The partners who compiled much of the material in the above report, feel that Riverview may, after all these years and regulations, STILL be at risk. The writers of "Discovering Our Community--Phase One" asked leaders and those who love Kingsport, to continue the journey towards improvement in Riverview and the surrounding community, "recognizing that the city's health is measured FIRST by the health of neighbors who live in the heart that makes the city tick." Since the report was presented two years ago, no city official has addressed the report or the request thoroughly.

This is just not satisfactory for former residents like Floyd Perry, who calls what Riverview's industrial neighbors did years ago, "criminal."
"It's just unthinkable what the Kingsport City Fathers did, putting us on a toxic waste dump," he says, "and we should never leave it alone."

"No matter how pretty they make Riverview," he says, "there will always be death just beneath the surface of the land, if the cries of my young brothers and sisters from the grave are to be believed."

Wednesday, April 11, 2007

THE FIRST RESIDENT OF RIVERVIEW: Welcome to the Chemical Capital of Kingsport

PICTURE AT TOP: Artist rendering of the old Federal Dyestuff and Chemical Company, looking from company property behind Dunbar Street, eastward.

PICTURE BELOW, RIGHT: Photo looking in the same direction from March 2007 eastward from General Shale dumpsite behind Dunbar Street towards Riverview. The new Central Baptist Church rises in the background left.


In the late 1930's, industry was booming in Kingsport, Tennessee, the "Model City." The Tennessee Eastman Company was on its way to becoming the largest industry in the state, and within two miles nearby, General Shale, Penn Dixie Cement, Mead, the Kingsport Press, the Kingsport Foundry, The Blue Ridge Glass plant, Borden Mills, and Holston Defense all employed thousands of workers, both black and white.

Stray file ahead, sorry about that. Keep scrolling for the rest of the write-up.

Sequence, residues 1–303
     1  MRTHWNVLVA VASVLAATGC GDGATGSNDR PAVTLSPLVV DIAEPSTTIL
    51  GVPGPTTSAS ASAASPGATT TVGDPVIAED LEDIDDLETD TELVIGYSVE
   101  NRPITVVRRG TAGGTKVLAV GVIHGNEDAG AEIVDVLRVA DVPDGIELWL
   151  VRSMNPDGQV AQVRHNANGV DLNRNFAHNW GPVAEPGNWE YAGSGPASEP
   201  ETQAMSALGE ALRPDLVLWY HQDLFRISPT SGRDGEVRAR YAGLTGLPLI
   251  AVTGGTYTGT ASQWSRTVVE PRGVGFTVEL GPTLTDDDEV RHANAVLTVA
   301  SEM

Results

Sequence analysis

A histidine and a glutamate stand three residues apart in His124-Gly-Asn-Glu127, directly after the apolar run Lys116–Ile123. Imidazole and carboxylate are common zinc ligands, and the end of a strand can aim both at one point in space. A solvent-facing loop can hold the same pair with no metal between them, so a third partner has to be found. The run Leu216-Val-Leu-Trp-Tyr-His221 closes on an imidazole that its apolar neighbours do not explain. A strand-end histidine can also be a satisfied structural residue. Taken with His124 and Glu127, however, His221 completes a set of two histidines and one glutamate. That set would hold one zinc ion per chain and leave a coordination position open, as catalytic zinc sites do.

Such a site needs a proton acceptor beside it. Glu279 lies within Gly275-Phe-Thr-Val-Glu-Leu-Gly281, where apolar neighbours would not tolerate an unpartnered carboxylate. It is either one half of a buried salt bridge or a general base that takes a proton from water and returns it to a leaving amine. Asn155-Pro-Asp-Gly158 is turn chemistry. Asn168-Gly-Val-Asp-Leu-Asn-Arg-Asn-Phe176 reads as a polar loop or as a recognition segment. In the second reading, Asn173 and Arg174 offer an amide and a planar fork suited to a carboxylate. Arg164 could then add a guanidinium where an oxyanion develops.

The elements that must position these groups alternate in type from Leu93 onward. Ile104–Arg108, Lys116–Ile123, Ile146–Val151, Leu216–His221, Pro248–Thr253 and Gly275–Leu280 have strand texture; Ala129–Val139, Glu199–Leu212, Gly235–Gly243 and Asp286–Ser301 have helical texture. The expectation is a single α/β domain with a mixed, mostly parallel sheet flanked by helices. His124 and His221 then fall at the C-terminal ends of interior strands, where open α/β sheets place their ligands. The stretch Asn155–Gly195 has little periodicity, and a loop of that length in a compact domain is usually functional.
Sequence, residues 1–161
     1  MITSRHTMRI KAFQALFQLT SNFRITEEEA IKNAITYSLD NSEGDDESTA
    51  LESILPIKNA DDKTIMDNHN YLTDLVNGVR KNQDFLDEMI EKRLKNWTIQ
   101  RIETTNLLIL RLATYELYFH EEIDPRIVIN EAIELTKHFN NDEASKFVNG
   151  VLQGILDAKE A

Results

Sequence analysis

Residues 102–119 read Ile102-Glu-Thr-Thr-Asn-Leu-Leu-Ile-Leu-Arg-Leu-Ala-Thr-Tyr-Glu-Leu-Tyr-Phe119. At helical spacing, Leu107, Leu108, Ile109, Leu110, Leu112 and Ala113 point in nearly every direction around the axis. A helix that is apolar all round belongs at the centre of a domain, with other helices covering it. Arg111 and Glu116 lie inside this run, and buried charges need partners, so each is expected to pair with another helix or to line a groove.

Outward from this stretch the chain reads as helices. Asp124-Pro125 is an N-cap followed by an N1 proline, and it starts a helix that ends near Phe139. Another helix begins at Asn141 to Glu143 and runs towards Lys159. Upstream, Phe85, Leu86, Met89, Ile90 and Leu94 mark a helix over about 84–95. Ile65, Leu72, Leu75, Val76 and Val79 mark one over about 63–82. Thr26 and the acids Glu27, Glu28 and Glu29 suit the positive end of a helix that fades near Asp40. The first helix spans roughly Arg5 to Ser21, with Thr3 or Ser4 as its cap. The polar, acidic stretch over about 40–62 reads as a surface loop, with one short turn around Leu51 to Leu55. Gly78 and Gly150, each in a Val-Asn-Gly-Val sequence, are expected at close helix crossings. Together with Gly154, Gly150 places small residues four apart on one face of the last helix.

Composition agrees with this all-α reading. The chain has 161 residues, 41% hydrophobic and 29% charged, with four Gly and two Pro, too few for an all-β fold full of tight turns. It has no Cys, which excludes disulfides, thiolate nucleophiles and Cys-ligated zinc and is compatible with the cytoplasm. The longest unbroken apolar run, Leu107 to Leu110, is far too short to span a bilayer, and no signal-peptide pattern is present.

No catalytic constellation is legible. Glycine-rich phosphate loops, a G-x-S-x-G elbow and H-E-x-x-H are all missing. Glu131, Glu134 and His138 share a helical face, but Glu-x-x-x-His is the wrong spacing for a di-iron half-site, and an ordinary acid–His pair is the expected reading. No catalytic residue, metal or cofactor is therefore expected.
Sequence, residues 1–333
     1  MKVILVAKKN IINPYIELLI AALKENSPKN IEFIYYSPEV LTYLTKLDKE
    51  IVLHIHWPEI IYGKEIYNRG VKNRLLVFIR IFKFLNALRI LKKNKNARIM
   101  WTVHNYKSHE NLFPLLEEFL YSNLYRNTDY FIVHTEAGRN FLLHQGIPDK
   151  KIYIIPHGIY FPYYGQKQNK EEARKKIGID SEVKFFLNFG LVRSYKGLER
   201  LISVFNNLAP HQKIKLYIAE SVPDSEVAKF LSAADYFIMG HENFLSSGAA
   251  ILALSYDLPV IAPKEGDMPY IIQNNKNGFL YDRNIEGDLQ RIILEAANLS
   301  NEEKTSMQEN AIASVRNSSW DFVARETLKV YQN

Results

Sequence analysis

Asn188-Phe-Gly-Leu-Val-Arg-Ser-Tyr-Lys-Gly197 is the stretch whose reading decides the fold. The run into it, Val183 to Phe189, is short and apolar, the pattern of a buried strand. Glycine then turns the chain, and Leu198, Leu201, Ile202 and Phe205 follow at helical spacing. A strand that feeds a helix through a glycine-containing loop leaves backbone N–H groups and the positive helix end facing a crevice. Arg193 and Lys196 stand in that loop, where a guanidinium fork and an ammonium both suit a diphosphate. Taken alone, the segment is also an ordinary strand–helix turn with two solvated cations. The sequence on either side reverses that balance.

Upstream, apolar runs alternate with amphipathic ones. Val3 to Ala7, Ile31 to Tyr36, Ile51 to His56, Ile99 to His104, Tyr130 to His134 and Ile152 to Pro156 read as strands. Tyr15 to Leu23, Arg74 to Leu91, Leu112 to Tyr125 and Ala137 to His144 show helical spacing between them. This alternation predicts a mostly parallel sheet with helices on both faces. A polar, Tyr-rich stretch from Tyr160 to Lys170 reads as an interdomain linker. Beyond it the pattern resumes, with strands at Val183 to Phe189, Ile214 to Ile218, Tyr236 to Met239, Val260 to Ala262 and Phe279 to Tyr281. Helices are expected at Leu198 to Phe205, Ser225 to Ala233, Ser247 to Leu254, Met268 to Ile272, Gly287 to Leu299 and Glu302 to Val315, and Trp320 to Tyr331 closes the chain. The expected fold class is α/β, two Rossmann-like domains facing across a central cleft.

Without an Environmental Protection Agency to govern how and where solid waste was disposed, most industries used nearby land that the Federal Dyestuff and Chemical Company had been located on to get rid of spent materials and chemicals. On 200 convenient acres between Eastman to the east, the Holston River to the south, General Shale to the west, and the Clinchfield Railroad to the north, every kind of toxic chemical waste imaginable was dumped, most of it vanishing into the ground, out of sight. Folks living across the railroad tracks from the dumpsite reported chemicals bubbling to the surface there during heavy rains.

During the 20's and 30's, Kingsport was not unlike many large American cities, with whites living anywhere in the city they chose, while its African-Americans tended to live between the Sullivan Street and Walnut (now Sevier) Avenue areas. Coincidentally, that was the exact same location where, only 20 years earlier, workers from the now-defunct Federal Dyestuff and Chemical Company used to live and would cross the railroad tracks daily to deal with and dispose of chemicals from the plant. Many blacks moved into what became known as "The Oak Street District," converting the old F. D. & C boarding houses into liveable homes along Sullivan, Dale, Oak, and Maple Streets. A few African-American citizens also settled along the base of Cement Hill, across the railroad tracks from downtown Kingsport. As the city prospered, jobs grew plentiful, more blacks joined their relatives, and soon the area was saturated. Kingsport's African-American citizens appealed to the city for land to expand.